The Auditor General’s annual report on departments, agencies and Crown corporations doesn’t have any one bit that would kill any provincial administration.
What the report does contain is a collection of examples of fundamental rot within the administration. From the hiring problems at College of the North Atlantic, to lax inspections for liquor licenses and pesticides, to the string of problems in municipal affairs you get a picture of a government that simply doesn’t have any sense of purpose or direction.
We are talking about basic jobs people in government should be doing to protect the public, stuff like making sure that places that sell liquor properly clean their beer glasses after each use. From page 126 in the section on the liquor corporation:
“Our review identified issues in the following areas:
- Legislation not enforced;
- No documented policies and procedures;
- No inspection plan or schedule;
- Inspection reports inadequate and database inaccurate;
- Smoke Free Environment Act not adequately enforced;
- Enforcement not consistent; and
- Enforcement not timely.”
From page 270, in the section on municipal affairs:
“Our review of the monitoring of municipalities within the Department identified issues with regard to:
- lack of legislative compliance;
- inadequate performance measurement and monitoring;
- lack of monitoring of municipal debt;
- incomplete and inaccurate database information; and
- lack of policies and procedures.”
Found to be wanting.
Not merely not done well enough or properly but in too many instances just not done.
It’s not as though the government doesn’t spend enough money. In another part of the report, the Auditor General notes that per capita “expenses in Newfoundland and Labrador are the highest in Canada. Furthermore, per capita expenses are approximately 50% higher than the average of all other provinces.”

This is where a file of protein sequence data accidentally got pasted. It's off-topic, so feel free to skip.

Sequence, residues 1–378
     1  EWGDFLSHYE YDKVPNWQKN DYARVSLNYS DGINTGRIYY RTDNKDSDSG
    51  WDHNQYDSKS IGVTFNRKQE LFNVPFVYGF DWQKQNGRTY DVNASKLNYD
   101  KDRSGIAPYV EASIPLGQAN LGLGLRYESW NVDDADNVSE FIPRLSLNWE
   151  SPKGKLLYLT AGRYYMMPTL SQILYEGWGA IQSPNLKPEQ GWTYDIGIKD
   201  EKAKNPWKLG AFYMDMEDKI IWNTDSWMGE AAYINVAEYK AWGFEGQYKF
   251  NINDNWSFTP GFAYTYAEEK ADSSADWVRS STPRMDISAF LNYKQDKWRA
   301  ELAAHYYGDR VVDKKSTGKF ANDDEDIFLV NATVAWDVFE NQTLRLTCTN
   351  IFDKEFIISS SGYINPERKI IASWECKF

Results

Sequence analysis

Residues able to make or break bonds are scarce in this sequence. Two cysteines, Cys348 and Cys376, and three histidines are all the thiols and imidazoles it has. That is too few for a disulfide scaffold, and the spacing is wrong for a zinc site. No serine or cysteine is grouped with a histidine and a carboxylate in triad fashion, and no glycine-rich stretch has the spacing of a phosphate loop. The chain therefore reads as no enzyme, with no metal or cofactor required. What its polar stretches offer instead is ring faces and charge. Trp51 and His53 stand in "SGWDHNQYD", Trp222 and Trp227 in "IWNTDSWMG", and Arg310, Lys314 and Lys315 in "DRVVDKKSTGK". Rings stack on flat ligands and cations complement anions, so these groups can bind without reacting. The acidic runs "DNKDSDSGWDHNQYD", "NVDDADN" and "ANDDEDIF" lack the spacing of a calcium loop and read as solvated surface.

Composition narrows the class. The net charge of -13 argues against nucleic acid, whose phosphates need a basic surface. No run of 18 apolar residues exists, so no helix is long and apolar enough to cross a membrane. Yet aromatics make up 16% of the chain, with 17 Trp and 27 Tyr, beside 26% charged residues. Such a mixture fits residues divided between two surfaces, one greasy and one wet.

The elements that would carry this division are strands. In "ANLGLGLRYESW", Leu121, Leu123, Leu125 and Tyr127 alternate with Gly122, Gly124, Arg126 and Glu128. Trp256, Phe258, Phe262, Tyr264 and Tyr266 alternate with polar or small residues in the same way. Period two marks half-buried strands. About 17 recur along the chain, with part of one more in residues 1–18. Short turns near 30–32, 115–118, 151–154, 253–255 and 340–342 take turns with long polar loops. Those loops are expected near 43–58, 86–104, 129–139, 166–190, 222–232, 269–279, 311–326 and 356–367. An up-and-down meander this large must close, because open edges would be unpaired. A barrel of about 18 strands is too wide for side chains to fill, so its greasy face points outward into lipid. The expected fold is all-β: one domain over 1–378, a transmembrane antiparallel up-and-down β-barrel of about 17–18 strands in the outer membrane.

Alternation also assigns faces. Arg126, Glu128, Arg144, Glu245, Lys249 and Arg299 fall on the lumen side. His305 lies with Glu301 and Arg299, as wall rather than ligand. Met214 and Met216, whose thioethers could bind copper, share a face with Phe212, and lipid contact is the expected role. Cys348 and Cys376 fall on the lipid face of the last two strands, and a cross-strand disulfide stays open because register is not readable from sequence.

Signs of this problem have been around for a long time. The current administration is perhaps the only government in the history of civilisation that cannot get its public works done in something approaching a reasonable period of time and reasonably close to budget. Again, we are not talking about small matters: we are talking of delays taking years and increased costs that are upwards of double the original estimates.
The cause of the problem is not just inflation in the marketplace. It seems to be rooted inside government itself. A goodly chunk of it likely has to do with the incredibly high turnover in the senior ranks of the public service not just in the past two years under Kathy Dunderdale but going back four or five years.
The Conservatives have a communications problem. We know that because they’ve admitted they have a problem. They still have communications problems, as evident in the mixed messages about the budget and the province’s financial state.
Or Kathy Dunderdale’s confusion.
Or Jerome Kennedy’s last big interview in natural resources.
Or the Premier’s talking point disasters.
Communications gaffes are not actually the problem itself. They are merely symptoms - signs, indications - of the underlying issue. The real problem is management. The Auditor General’s report released on Wednesday just exactly how widespread the problem is.